Events

The inequality of wealth: why it matters and how to fix it

Hosted by the International Inequalities Institute

In-person and online public event (Auditorium, Centre Building)

Speakers

Liam Byrne MP

Liam Byrne MP

Professor Mike Savage

Professor Mike Savage

Katie Schmuecker

Katie Schmuecker

Chair

Professor Kirsten Sehnbruch

Professor Kirsten Sehnbruch

The super-rich have never had it so good. But millions of us can’t afford a home, an education or a pension. And unless we change course soon, the future will be worse. Much worse.

Yet, it doesn’t have to be like this. In his new book The Inequality of Wealth: why it matters and how to fix it, former Treasury Minister, Liam Byrne, explains the fast-accelerating inequality of wealth; warns how it threatens our society, economy, and politics; shows where economics got it wrong – and lays out a path back to common sense, with five practical new ways to rebuild an old ideal: the wealth-owning democracy. Liam Byrne draws on conversations and debates with former prime ministers, presidents and policymakers around the world together with experts at the OECD, World Bank, and IMF to argue that, after twenty years of statistics and slogans, it's time for solutions that aren’t just radical but plausible and achievable as well. 

Meet our speakers and chair

Liam Byrne (@liambyrnemp) is the Labour MP for Birmingham Hodge Hill, a member of His Majesty's Privy Council, elected Chair of the Global Parliamentary Network on the World Bank and IMF and Chair of the House of Commons Business and Trade Select Committee. He is a former Gwilym Gibbon Research Fellow at Nuffield College, Oxford, Honorary Professor at the University of Birmingham and author of over twenty publications on economics, foreign policy and public service reform.

Mike Savage (@MikeSav47032563) is Martin White Professor of Sociology at LSE. Between 2015 and 2020 he was Director of LSE’s International Inequalities Institute, which hosts the Atlantic Fellow’s Programme, the largest global program in the world devoted to challenging inequalities. Mike is the author of eight books, including most recently The Return of Inequality: social change and the weight of the past.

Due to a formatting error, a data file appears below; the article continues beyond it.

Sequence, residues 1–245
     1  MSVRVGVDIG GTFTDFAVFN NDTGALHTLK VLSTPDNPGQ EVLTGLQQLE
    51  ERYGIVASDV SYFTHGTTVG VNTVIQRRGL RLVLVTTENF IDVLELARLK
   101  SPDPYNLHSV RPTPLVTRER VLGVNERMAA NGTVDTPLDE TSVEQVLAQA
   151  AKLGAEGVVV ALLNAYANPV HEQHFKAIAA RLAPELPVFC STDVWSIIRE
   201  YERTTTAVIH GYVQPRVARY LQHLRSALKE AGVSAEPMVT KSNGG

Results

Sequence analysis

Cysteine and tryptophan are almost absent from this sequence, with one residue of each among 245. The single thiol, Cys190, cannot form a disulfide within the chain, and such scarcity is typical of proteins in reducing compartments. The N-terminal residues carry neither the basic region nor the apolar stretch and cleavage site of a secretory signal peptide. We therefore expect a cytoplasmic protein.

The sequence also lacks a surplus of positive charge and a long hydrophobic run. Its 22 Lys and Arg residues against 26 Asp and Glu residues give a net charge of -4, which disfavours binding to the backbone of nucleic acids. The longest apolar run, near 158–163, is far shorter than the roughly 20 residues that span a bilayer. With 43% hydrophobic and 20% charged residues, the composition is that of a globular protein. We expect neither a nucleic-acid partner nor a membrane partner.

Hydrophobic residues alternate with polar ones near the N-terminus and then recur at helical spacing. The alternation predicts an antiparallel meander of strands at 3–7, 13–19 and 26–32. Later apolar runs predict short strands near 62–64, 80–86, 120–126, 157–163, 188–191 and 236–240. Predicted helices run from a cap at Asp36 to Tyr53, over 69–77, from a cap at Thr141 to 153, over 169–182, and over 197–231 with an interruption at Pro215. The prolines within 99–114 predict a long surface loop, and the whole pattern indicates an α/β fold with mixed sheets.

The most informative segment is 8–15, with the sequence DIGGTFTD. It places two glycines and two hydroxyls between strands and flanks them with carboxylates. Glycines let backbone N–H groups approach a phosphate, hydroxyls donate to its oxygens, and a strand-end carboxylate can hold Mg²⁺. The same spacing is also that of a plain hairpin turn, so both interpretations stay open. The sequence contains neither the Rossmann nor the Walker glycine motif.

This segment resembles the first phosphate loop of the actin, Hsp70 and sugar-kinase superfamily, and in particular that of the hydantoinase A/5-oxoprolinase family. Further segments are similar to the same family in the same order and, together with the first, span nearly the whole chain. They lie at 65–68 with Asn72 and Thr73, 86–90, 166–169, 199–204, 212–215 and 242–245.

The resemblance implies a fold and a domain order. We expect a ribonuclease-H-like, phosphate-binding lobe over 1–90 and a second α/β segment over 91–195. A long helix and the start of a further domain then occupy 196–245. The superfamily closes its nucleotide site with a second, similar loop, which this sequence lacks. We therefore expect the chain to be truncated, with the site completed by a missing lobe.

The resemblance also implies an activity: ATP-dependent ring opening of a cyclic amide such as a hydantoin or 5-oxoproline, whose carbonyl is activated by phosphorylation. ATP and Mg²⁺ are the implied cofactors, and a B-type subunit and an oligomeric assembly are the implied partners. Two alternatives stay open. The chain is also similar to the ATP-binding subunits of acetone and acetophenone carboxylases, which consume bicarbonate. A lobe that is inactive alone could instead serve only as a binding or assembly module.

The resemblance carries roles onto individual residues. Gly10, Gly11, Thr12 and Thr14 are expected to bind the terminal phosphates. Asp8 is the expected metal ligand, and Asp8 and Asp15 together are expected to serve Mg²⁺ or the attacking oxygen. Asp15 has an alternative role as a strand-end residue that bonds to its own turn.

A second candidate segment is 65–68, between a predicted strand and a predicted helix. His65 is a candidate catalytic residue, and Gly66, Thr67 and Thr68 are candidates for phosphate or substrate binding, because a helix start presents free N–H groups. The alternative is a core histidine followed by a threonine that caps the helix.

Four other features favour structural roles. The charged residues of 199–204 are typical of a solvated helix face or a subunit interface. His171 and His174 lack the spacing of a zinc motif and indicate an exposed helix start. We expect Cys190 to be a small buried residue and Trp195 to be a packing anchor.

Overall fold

Katie Schmuecker (@KatieSchmuecker) leads the Joseph Rowntree Foundation's work on destitution and deep poverty. She is also a member of the Scottish Poverty and Inequality Commission, which scrutinises the Scottish Government's progress on reducing poverty. She is a regular commentator in the media through blogs, articles and broadcast appearances.

Kirsten Sehnbruch (@KirstenSehn) is a British Academy Global Professor, a Distinguished Policy Fellow and Acting Director at the International Inequalities Institute at the London School of Economics and Political Science. Previously, she was a Research Fellow at the Universidad de Chile, Director of the Institute for Public Policy at the Universidad Diego Portales (Chile), and a Lecturer at the University of California, at Berkeley.

More about this event

This event will be available to watch on LSE Live. LSE Live is the new home for our live streams, allowing you to tune in and join the global debate at LSE, wherever you are in the world. If you can't attend live, a video will be made available shortly afterwards on LSE's YouTube channel.

The LSE International Inequalities Institute (@LSEInequalities) brings together experts from many of the School's departments and centres to lead cutting-edge research focused on understanding why inequalities are escalating in numerous arenas across the world, and to develop critical tools to address these challenges.

Explore LSE’s dedicated hub Understanding the UK Economy, showcasing research and expertise on the state of the UK economy, its global context and its future.

This event was originally scheduled to have taken place on Wednesday 18 January.

Twitter Hashtag for this event: #LSEIII

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This public event is free and open to all. This event will be a hybrid event, with an in-person audience and an online audience. 

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For the online event: Register for this event via LSE Live at The inequality of wealth: why it matters and how to fix it.

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